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The History of Shingles

You see them on almost every home in the country, but how much do you really know about the history of shingles? Contact Turner Roofing today. History of Shingles

There are millions upon millions of shingles used every year in America, and the shingling process has been around for longer than 100 years. The historical significance of shingles lead people to purchase shingled roofs every year. If you are considering a shingled roof, contact Turner Roofing to learn more about this illustrious material.

How Old are Shingles?


Shingles were first used for roofing in 1840s New England. The earliest shingles were composite, made from woven or felted fabric and covered with sod or tar. These materials protected homes but were not as durable as the shingles we have today. Companies like S.M. and C.M. Warren Company improved composite shingles over time, mixing in materials such as talc, sand, powdered gravel, and limestone.


From Early Shingles to Rolled Felt


The next step toward modern asphalt shingles was roofing made of coal tar, also known as rolled roofing. Rolled roofing, a direct byproduct of the gas-lighting industry, was made with rolled felt saturated with tar and fine gravel, sometimes covered with asphalt. Rolled roofing was most common in the late 19th and early 20th centuries; asphalt shingles replaced it within several years.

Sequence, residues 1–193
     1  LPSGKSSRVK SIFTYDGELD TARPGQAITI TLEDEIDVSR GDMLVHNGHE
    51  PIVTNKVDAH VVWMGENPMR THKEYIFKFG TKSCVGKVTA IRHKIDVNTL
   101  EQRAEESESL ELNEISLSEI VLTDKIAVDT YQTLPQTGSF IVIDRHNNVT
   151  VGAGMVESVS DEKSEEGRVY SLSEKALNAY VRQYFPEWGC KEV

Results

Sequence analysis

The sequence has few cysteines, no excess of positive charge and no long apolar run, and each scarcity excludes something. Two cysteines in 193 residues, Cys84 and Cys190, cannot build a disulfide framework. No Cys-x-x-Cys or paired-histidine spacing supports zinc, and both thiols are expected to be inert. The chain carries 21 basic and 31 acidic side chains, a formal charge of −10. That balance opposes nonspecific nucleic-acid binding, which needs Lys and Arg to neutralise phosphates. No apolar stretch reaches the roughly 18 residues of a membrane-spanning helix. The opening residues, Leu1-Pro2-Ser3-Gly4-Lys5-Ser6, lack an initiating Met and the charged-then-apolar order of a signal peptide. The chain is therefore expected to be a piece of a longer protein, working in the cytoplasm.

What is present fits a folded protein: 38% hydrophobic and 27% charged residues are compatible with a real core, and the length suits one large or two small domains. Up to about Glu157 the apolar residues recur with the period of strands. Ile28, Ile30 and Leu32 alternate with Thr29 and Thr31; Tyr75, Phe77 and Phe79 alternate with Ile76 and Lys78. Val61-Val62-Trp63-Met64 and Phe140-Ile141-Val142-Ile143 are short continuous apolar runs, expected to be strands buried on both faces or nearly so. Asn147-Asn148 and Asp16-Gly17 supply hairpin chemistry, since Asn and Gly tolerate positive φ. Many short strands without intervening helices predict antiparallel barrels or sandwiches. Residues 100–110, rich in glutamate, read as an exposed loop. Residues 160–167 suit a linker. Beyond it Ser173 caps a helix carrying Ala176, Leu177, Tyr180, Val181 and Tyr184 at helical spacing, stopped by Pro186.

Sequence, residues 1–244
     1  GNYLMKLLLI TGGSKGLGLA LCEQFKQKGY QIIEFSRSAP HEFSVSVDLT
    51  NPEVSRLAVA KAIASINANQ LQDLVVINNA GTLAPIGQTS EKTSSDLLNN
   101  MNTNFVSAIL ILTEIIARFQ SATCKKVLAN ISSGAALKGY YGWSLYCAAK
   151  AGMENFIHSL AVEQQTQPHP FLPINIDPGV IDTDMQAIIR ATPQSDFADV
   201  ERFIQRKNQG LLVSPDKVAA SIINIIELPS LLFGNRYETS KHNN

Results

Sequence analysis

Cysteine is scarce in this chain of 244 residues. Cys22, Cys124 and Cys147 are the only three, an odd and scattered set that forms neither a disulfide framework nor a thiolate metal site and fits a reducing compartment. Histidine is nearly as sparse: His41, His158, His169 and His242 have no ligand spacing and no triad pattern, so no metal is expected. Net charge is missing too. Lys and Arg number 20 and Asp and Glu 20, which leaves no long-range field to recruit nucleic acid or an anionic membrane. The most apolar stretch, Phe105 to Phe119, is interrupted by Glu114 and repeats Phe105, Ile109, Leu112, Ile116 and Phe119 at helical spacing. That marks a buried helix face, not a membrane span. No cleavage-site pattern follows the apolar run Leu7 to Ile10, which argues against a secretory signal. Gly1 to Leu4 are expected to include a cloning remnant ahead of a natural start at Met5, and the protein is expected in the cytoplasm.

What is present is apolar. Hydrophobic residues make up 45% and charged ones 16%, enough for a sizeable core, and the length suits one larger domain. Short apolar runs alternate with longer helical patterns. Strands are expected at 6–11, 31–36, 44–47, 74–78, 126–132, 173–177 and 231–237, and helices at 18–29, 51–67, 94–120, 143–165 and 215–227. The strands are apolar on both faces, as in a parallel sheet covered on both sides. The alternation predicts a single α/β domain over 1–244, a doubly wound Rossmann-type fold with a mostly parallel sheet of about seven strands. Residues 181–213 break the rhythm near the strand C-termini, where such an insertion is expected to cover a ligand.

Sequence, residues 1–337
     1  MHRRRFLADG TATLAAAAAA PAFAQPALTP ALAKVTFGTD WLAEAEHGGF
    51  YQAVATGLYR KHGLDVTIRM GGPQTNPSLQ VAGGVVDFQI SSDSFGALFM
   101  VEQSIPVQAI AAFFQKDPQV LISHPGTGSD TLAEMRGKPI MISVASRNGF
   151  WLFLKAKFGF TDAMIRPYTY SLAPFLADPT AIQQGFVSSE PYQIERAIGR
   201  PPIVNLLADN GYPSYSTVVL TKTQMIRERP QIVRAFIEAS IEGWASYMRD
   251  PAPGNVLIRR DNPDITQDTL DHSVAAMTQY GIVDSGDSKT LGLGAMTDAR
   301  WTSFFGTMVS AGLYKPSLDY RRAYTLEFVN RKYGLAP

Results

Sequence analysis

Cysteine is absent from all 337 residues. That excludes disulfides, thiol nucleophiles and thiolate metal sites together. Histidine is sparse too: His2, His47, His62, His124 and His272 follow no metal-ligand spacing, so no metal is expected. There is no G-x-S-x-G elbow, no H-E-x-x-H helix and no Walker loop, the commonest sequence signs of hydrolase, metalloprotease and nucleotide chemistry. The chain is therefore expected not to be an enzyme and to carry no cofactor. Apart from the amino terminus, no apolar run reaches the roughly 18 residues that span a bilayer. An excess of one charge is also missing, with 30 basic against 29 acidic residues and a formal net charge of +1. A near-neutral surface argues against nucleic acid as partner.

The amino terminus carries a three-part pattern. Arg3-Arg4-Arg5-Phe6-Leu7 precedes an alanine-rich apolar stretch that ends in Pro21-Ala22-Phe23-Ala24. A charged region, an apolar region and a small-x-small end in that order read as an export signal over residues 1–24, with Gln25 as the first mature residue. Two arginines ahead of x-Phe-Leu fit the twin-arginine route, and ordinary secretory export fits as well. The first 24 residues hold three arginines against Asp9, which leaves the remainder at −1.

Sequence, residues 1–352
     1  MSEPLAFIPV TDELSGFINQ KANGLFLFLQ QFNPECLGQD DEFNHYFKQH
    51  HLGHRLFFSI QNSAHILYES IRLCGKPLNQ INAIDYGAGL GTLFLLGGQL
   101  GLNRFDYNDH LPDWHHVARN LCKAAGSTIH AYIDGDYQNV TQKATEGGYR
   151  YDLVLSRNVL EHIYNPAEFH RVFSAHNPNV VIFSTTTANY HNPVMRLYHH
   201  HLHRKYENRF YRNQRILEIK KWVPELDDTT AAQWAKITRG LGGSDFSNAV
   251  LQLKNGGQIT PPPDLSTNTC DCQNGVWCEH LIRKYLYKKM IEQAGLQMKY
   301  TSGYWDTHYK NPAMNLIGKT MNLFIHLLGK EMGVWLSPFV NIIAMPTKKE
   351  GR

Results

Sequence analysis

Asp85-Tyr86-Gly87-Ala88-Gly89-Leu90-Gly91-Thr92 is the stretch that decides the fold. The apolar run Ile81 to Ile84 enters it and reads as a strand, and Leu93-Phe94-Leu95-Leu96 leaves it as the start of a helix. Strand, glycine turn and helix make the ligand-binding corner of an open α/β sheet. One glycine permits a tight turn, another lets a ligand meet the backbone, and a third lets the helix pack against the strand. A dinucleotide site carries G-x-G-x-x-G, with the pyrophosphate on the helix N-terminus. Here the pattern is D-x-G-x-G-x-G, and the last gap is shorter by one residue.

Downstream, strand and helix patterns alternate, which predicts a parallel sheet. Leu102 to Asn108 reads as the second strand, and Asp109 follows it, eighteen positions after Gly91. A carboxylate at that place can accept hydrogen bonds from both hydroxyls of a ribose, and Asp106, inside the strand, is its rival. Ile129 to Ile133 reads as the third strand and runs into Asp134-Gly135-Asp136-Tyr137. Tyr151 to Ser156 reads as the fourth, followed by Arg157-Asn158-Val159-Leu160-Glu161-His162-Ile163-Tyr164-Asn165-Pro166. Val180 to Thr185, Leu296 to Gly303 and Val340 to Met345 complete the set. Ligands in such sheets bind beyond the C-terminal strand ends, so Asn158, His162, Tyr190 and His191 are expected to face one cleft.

Asphalt Shingles Today


Many people and developments gave us the asphalt shingles we know today. Credit for the first individual roof shingles goes to Henry M. Reynolds, a 1903 resident of Grand Rapids, MI. Reynolds does not get the credit for the first asphalt roof shingles, however. Until about 1911, wood shingles were more common. They fell out of favor in 1911, when the National Board of Fire Underwriters pushed to eliminate them in order to protect homeowners.


World War I was another big contributor to today’s asphalt shingles. During the war years, manufacturers perfected machinery that allowed workers to cut thick roofing materials into irregular shapes, such as individual shingles. Although the earliest asphalt shingles were cut into plain 8 x 12 pieces, they are now available in several different shapes. Some asphalt shingles have diamond shapes, for instance. Others have aesthetic features like scalloped edges.


Asphalt shingles are one of the most aesthetically pleasing roof materials you can choose. Contact Turner Roofing Company to learn more about shingles and go over several attractive options for your home.

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